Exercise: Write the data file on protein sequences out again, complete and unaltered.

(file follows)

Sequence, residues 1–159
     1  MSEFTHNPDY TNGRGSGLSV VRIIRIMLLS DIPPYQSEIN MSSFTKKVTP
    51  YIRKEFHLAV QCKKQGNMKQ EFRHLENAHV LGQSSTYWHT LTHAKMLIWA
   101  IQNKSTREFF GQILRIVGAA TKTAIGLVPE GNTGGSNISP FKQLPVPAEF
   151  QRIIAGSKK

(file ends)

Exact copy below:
Sequence, residues 1–159
     1  MSEFTHNPDY TNGRGSGLSV VRIIRIMLLS DIPPYQSEIN MSSFTKKVTP
    51  YIRKEFHLAV QCKKQGNMKQ EFRHLENAHV LGQSSTYWHT LTHAKMLIWA
   101  IQNKSTREFF GQILRIVGAA TKTAIGLVPE GNTGGSNISP FKQLPVPAEF
   151  QRIIAGSKK